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Covid-19 surge in India results in bodies being burnt on streets

23 April 2021


Family members of Covid patients rest outside a government hospital in Prayagraj, India, on Tuesday

Family members of Covid patients rest outside a government hospital in Prayagraj, India, on Tuesday

CREMATORIA in India are being overwhelmed as the country struggles with a surge of coronavirus cases. Images on social media show bodies being burned on pavements owing to a lack of capacity.

The country is now reporting the world’s highest daily increases in cases: more than 200,000 new cases a day are reported.

A lockdown was imposed on Monday night in Delhi. While places of worship were allowed to open, a 50-person limit was imposed for weddings, and 20 for funerals.

Delhi is the worst hit city in India, although Maharashtra, which includes Mumbai, is the worst-hit state. A new variant of Covid-19 has been identified in the country, although it is not yet known whether that is behind the increase in cases.

The Bishop of North East India, the Rt Revd Michael Herenz, said that this had come just as life was returning to normal for many, and as church services had resumed. “Things had become almost normal,” he said. “Churches are making efforts to implement social distancing, face masks, and sanitisation. Now, certain districts in north-east India have started restrictions. However, still no curfew or lockdown. For tourists, Covid tests are mandatory. Vaccination is in full swing. Churches are advising members to maintain cautions.”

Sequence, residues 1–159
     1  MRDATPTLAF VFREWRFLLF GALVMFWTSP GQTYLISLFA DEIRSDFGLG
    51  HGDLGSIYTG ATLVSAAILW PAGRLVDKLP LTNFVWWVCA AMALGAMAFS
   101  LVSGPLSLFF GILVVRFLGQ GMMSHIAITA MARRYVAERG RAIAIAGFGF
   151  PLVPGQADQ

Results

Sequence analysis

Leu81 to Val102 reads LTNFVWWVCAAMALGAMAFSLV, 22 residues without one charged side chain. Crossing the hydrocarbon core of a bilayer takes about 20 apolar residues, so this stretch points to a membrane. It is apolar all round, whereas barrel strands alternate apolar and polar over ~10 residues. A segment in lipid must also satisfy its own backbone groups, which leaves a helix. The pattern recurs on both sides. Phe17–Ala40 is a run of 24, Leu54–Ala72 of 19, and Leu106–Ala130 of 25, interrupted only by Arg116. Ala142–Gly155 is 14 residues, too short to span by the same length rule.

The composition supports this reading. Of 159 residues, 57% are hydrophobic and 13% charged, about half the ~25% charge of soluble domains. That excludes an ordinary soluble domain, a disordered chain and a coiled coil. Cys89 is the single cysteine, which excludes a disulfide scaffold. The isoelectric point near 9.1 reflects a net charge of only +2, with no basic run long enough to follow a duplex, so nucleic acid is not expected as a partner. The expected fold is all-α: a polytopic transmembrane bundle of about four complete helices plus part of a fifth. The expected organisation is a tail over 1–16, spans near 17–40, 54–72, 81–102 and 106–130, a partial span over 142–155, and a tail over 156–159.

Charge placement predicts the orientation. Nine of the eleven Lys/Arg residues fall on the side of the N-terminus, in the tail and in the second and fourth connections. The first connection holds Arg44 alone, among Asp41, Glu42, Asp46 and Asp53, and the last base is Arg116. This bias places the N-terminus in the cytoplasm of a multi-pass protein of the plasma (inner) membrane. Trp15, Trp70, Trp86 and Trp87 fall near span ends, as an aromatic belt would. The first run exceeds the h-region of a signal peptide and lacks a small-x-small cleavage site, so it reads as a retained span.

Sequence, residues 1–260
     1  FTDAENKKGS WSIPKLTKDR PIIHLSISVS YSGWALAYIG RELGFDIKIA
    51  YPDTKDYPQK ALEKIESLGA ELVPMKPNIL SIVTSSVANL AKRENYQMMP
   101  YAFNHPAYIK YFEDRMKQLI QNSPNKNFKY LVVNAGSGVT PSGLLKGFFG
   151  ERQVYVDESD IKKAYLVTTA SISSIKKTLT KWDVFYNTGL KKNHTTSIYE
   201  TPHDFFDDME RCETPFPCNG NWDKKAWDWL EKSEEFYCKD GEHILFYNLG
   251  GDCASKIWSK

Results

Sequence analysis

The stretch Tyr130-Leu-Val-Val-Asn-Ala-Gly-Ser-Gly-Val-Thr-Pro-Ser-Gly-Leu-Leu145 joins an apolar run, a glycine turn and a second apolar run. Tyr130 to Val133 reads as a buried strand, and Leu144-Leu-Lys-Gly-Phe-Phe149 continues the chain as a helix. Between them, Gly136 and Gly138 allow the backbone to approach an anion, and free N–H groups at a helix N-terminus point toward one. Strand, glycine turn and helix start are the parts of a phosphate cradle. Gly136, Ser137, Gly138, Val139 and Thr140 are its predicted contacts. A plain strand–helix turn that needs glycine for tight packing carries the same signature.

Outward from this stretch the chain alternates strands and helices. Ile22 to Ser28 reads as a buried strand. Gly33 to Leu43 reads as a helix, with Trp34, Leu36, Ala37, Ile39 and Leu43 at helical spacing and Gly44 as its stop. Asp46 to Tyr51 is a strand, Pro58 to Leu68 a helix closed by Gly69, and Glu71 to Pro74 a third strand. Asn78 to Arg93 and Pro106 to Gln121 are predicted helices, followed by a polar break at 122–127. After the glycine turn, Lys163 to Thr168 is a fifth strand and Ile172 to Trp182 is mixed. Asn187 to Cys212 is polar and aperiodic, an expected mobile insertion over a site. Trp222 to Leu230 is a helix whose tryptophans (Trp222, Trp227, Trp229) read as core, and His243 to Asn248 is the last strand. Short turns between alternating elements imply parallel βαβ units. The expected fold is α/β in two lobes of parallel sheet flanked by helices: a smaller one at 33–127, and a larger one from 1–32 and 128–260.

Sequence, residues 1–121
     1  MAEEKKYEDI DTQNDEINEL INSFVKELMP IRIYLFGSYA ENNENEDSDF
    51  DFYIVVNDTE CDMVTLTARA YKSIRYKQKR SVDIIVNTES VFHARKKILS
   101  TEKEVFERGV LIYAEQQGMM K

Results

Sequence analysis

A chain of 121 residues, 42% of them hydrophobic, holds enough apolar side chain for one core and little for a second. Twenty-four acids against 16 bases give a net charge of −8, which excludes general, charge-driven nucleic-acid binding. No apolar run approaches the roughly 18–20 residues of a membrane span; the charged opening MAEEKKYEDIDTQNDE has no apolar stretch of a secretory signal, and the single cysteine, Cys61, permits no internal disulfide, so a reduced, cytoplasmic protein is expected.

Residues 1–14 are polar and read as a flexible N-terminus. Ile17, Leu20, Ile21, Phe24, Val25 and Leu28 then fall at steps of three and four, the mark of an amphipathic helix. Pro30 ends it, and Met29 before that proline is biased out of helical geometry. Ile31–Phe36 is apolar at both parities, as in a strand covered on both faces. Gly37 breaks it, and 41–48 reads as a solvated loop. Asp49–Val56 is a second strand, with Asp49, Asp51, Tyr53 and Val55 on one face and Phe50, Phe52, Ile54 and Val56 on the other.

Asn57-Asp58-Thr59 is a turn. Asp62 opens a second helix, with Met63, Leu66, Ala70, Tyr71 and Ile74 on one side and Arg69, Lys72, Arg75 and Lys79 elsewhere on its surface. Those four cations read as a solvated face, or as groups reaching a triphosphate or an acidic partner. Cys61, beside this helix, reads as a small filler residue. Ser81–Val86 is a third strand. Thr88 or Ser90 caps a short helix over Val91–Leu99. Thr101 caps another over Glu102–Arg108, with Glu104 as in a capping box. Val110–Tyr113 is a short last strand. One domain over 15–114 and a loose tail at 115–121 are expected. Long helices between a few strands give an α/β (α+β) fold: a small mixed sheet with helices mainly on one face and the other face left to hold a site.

He said that the Church was praying for healing for the whole world.

Boris Johnson this week postponed his planned trip to India. The country was added to the “red list” for travellers to the UK. From 4 a.m. today (Friday), most people who have travelled from India in the past ten days will be refused entry.

Holders of British or Irish passports, or people with UK residence rights, will be allowed into the country, but they will have to stay in quarantine in a government-approved hotel for ten days.

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Bringing Down the Mighty: Church, Theology and Structural Injustice
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